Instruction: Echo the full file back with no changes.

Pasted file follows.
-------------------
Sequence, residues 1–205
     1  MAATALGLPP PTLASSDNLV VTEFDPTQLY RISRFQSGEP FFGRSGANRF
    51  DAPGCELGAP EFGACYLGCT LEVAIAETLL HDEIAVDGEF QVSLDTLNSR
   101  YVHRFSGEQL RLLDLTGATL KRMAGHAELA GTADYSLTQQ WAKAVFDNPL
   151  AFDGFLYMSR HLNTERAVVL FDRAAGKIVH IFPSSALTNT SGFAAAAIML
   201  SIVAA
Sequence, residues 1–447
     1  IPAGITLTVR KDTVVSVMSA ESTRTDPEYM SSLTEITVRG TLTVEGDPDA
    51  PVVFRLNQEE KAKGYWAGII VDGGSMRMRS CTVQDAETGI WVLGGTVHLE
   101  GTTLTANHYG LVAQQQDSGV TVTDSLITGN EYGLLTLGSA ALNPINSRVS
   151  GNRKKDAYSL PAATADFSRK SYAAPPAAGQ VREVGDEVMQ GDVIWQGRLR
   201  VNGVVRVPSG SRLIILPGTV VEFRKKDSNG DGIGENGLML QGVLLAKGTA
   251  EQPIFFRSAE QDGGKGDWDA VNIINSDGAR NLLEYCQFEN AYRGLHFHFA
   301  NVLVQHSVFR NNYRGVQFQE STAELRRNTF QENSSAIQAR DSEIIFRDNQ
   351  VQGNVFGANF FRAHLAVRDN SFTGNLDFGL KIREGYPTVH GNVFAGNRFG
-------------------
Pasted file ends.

Sequence, residues 1–205
     1  MAATALGLPP PTLASSDNLV VTEFDPTQLY RISRFQSGEP FFGRSGANRF
    51  DAPGCELGAP EFGACYLGCT LEVAIAETLL HDEIAVDGEF QVSLDTLNSR
   101  YVHRFSGEQL RLLDLTGATL KRMAGHAELA GTADYSLTQQ WAKAVFDNPL
   151  AFDGFLYMSR HLNTERAVVL FDRAAGKIVH IFPSSALTNT SGFAAAAIML
   201  SIVAA
Sequence, residues 1–447
     1  IPAGITLTVR KDTVVSVMSA ESTRTDPEYM SSLTEITVRG TLTVEGDPDA
    51  PVVFRLNQEE KAKGYWAGII VDGGSMRMRS CTVQDAETGI WVLGGTVHLE
   101  GTTLTANHYG LVAQQQDSGV TVTDSLITGN EYGLLTLGSA ALNPINSRVS
   151  GNRKKDAYSL PAATADFSRK SYAAPPAAGQ VREVGDEVMQ GDVIWQGRLR
   201  VNGVVRVPSG SRLIILPGTV VEFRKKDSNG DGIGENGLML QGVLLAKGTA
   251  EQPIFFRSAE QDGGKGDWDA VNIINSDGAR NLLEYCQFEN AYRGLHFHFA
   301  NVLVQHSVFR NNYRGVQFQE STAELRRNTF QENSSAIQAR DSEIIFRDNQ
   351  VQGNVFGANF FRAHLAVRDN SFTGNLDFGL KIREGYPTVH GNVFAGNRFG